According to a 2017 Centers for Disease Control and Prevention (CDC) study, rape costs 25 million victims more than $3 trillion over the course of a lifetime. Individuals struggle with impacts of the abuse, including medical and psychological trauma, as well as legal, employment, and housing issues.

The CDC researchers found that about $1 trillion of those expenses fall to government agencies. Overall, a survivor’s lifetime costs add up to more than $122,000 per person with nearly $39,000, or roughly one-third, coming from government sources. Those costs include survivors’ services provided by federal, state, and local criminal justice agencies.

Moreover, individuals who do not have stable incomes, have not attended college, or are people of color or undocumented face even more difficulties grappling with their trauma. A 2018 National Resource Center on Domestic Violence survey of advocates for domestic violence and sexual-assault survivors and social services and anti-poverty workers found that most rape survivors who already experience economic difficulties rely on Temporary Assistance for Needy Families (TANF) and the Supplemental Nutrition Assistance Program (SNAP); another 20 percent collect unemployment benefits.

“The higher the level of oppression someone faces, the more challenges there could be economically after a sexual assault,” says Jennifer Wyse, the supervising social worker at the New York–based Safe Horizon, the largest nonprofit service organization for sexual abuse survivors in the United States.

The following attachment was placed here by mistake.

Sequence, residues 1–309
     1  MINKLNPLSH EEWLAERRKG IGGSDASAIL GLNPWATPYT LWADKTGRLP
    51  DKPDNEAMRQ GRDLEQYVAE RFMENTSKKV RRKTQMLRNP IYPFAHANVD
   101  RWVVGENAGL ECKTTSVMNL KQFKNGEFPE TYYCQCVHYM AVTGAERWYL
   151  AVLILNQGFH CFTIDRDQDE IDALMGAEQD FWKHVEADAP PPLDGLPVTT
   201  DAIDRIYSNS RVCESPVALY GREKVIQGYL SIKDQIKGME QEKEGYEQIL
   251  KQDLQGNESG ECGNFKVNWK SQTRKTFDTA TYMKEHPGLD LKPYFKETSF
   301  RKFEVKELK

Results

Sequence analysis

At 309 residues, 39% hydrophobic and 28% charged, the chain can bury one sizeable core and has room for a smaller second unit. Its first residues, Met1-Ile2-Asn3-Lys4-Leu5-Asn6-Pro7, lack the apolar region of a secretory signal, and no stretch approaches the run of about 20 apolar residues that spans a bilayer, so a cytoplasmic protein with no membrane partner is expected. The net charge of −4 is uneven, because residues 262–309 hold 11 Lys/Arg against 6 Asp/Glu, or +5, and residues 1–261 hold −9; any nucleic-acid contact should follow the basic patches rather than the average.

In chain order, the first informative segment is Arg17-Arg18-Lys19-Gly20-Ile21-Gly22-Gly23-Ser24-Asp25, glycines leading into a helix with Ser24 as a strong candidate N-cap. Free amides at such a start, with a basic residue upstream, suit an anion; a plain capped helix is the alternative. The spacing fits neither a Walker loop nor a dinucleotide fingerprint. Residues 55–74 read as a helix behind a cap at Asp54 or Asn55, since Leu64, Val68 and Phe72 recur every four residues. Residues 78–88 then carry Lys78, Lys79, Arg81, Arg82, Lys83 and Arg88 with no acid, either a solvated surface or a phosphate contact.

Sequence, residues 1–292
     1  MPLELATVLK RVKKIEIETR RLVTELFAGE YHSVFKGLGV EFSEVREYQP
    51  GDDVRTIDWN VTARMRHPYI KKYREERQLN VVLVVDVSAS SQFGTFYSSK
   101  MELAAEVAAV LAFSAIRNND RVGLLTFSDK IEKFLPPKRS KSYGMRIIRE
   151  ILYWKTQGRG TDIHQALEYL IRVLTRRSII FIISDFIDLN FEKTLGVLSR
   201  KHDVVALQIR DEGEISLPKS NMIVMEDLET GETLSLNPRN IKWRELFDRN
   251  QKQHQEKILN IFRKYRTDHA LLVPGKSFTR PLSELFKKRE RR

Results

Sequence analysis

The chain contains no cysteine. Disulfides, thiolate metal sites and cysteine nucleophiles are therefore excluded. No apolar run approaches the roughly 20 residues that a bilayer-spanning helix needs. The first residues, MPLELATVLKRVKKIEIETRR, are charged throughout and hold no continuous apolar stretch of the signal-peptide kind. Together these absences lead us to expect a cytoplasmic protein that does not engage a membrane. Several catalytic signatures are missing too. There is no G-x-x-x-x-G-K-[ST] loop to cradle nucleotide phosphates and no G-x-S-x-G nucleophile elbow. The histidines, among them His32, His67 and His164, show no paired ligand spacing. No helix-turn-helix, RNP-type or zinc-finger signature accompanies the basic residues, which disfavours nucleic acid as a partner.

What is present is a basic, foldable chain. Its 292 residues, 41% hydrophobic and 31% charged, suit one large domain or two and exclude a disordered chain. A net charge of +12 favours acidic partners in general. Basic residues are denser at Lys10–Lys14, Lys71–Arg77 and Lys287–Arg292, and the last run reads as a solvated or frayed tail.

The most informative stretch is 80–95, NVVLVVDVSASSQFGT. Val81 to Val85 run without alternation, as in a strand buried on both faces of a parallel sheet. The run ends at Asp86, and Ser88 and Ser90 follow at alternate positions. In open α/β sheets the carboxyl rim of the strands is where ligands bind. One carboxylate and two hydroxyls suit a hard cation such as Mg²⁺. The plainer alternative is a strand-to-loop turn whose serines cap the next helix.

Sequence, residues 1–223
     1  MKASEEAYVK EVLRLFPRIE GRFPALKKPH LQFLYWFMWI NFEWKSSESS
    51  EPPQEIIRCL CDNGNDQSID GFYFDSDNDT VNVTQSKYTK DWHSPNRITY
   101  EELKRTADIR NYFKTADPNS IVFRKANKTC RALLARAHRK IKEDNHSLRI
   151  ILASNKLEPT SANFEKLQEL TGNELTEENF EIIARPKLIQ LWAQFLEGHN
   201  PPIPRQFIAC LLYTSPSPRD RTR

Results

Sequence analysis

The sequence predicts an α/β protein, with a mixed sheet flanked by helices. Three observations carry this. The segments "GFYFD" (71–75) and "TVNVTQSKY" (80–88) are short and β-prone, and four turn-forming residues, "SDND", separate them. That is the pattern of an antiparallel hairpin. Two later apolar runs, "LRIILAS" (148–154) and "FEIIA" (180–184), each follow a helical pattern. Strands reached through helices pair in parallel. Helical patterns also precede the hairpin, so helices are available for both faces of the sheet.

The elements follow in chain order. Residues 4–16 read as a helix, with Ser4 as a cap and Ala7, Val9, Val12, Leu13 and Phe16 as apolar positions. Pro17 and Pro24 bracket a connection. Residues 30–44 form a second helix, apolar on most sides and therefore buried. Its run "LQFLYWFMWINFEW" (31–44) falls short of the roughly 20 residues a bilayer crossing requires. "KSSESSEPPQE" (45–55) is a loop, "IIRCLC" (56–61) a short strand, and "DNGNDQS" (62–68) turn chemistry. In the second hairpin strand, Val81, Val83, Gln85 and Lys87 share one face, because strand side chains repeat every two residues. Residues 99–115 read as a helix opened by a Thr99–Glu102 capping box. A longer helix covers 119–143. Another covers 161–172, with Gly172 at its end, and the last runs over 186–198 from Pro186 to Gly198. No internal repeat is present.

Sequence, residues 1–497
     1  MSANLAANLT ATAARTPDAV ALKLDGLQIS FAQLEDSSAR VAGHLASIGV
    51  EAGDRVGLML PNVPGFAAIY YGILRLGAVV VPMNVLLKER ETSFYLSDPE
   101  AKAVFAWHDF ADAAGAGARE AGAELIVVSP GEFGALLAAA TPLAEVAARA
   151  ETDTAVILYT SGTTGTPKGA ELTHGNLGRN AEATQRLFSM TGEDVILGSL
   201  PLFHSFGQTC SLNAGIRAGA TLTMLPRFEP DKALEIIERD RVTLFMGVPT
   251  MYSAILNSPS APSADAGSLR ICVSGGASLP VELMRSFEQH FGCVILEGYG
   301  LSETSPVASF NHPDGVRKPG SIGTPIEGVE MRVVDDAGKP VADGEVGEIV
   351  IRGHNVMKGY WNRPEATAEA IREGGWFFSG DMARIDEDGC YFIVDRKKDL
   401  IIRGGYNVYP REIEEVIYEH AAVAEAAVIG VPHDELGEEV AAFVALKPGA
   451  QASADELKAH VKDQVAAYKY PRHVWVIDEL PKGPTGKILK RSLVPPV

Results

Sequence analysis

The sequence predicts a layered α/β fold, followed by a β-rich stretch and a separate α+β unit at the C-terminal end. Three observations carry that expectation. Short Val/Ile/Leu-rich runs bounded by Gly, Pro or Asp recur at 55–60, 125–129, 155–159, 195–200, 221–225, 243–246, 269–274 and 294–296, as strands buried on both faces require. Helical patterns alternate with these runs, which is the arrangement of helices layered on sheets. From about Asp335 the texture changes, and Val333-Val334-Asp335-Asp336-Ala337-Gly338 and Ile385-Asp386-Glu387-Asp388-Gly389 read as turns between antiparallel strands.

It’s easy to ignore the prevalence of sexual assault. Some people conclude that if the abuse hasn’t happened to them or one of their loved ones, then the issue doesn’t affect them. But every 92 seconds someone in the United States is sexually assaulted. And taxpayers will carry the fiscal burden for the social and emotional costs that sexual-assault survivors have to deal with for the rest of their lives.

Maryland’s Failure to Connect Stalking With Gun Violence

Although Maryland boasts having some of the toughest gun control laws in the country, the state is missing a critical loophole in its approach to public safety: stalking. Maryland is the only state that rules this crime a misdemeanor, which means stalkers can still buy a gun after conviction. And the state has intimate knowledge of this fact.  

In July 2018, five people were murdered by a convicted stalker at the Capital Gazette newsroom in Annapolis. The perpetrator had pled guilty to criminal harassment of a former high school classmate in 2015 and attacked the newspaper because of its coverage of his sentencing. Five people paid the price because of one man’s anger toward women.